This article is about a subject in the real world.
Information in this article is about real-life people, companies, and objects, and does not relate to the in-universe Sonic series.

Sega Computer Video Game SG-1000 or simply SG-1000 also known in the New Zealand as Sega 1000, is a video game console developed and manufactured by Sega and released in Japan, Australia,[3] and New Zealand.[4]

This console marks Sega's first entry in the video game console business and provided the basis for the more successful Master System. The SG-1000 was released the same day as the Nintendo Family Computer in Japan. The SG-1000 was available in several different variations, including the SC-3000 home computer and the redesigned SG-1000 II, also known as the Mark II released in 1984.

Developed in a rensponse to a decline in arcade popularity around 1982, the SG-1000 was created on the advice of Hayao Nakayama, president of Sega Enterprises, Ltd[5] Shortly after this console release, Sega Enterprises was sold to the CSK Corporation, which was later than followed by the release of the SG-1000 II.

The SG-1000 and its later models support the library of 68 standard ROM cartridge as well as 29 Sega Card games, all of which are fully compatible with the Mark III and the Master System. Due to the release of the Famicom, and the excessively number of consoles present in the market at the time, the SG-1000 was not commercially successful.


The SC-3000 (Sega Computer 3000) is the first and only home computer designed and manufactured by Sega. It was first releasd in July 1983 in Japan, and serves as computer equivalent of the SG-1000 video game console.

The SC-3000, often known simply as "Sega Computer" or even just "Sega", is an 8-bit home microcomputer that is almost identical in nature to the SG-1000, with a built-in keyboard and support for more hardware expansions.

Unlike later Sega systems, the SC-3000 did not received a worldwide release, instead it was released in the markets where it did compete, including Japan, Australia, New Zealand, France, Italy, and Finland, the computer fared well as a low price, entry-level computer for the home. By the year of 1985, the SC-3000 had been displaced by more popular computer standards, but this computer nevertheless to have fared better than the SG-1000 console on the global stage, and has a strong group of followers to this day.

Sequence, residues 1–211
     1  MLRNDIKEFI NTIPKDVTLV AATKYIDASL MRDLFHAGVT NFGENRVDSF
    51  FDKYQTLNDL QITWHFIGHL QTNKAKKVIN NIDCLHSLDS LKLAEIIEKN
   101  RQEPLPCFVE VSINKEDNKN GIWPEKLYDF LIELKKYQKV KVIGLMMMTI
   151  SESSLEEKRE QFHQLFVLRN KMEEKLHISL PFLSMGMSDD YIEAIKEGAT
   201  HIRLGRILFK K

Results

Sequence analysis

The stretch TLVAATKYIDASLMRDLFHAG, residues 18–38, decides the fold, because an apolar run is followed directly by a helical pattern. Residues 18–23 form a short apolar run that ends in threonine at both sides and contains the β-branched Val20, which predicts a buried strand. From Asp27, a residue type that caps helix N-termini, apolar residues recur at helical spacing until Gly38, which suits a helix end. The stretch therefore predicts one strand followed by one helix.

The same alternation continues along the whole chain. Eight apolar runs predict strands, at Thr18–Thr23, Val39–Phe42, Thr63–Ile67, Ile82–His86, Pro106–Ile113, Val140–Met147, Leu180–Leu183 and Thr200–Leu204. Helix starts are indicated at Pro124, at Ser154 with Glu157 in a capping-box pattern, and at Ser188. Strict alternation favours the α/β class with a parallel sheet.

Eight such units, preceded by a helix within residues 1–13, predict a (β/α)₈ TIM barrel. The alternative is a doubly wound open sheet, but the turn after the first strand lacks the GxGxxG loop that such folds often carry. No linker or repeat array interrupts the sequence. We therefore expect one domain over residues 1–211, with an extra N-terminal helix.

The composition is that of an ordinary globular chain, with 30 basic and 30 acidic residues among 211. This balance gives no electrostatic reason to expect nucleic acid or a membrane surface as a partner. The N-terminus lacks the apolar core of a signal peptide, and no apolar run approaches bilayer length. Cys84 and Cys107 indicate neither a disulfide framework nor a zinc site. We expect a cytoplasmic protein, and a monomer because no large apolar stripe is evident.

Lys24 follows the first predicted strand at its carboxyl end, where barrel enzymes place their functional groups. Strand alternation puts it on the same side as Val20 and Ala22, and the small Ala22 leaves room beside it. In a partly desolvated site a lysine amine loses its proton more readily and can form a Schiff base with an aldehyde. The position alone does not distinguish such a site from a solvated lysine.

The SC-3000 was also Sega's last home computer to be released to the general public. The company would partner with Amstrad and IBM for the Amstrad Mega PC and Sega TeraDrive respectively in the later years, but other endeavors such as the extremely rare Sega AI Computer only saw a small fraction of the success the SC-3000 has received, and were built with very different aims.

As a home computer, the SC-3000 was designed to be an affordable computer for use in a home environment, primarily for business and educational uses. However, as with most home computers of the era such as the Amiga, the device became a method of playing video games.

The SC-3000 comes with a 64-key keyboard mounted on the top of the unit, a cartridge port on the right hand side and two joystick ports on the left. On the back of the unit, the system has a power switch and power supply, cassette, printer, monitor, and television ports typical of the era. SC-3000 is a relatively light and compact machine which is most commonly found in black.

Sonic games

Flicky box art SG-1000

Flicky box artwork for the SG-1000.

Flicky is the only Sonic game that was released for this system. While realistically this game was not a Sonic game when it released, it technically counts as one now since it was one of the first ever video games to feature a now-canon Sonic character, Flicky.


  • This console did not have a region lock. This means owners can play any game from any region regardless of the console's model.


  1. OLD-COMPUTERS.COM Museum: SG-1000. Retrieved on 10 June 2018.
  2. Brandenburger, Adam; Nalebuff, Barry (1996) (in English). Co-Opetition. University of California: Doubleday. p. 238. ISBN 978-0385479509.
  3. Kohler, Chris (10 February 2009). Playing the SG-1000, Sega's first Game machine. Wired. Retrieved on 10 June 2018.
  4. Gamester81 (16 March 2013). History of Consoles: SEGA SG-1000 (1983). Video Game Reviews and News. Retrieved on 10 June 2018.
  5. Loguidice, Bill; Barton, Matt (24 February 2014). "2.3" (in English). Vintage Game Consoles: An Inside Look at Apple, Atari, Commodore, Nintendo, and the Greatest Gaming Platforms of All Time. CRC Press. ISBN 9781135006501.
  6. Jeuxet Strategie France, Page 24
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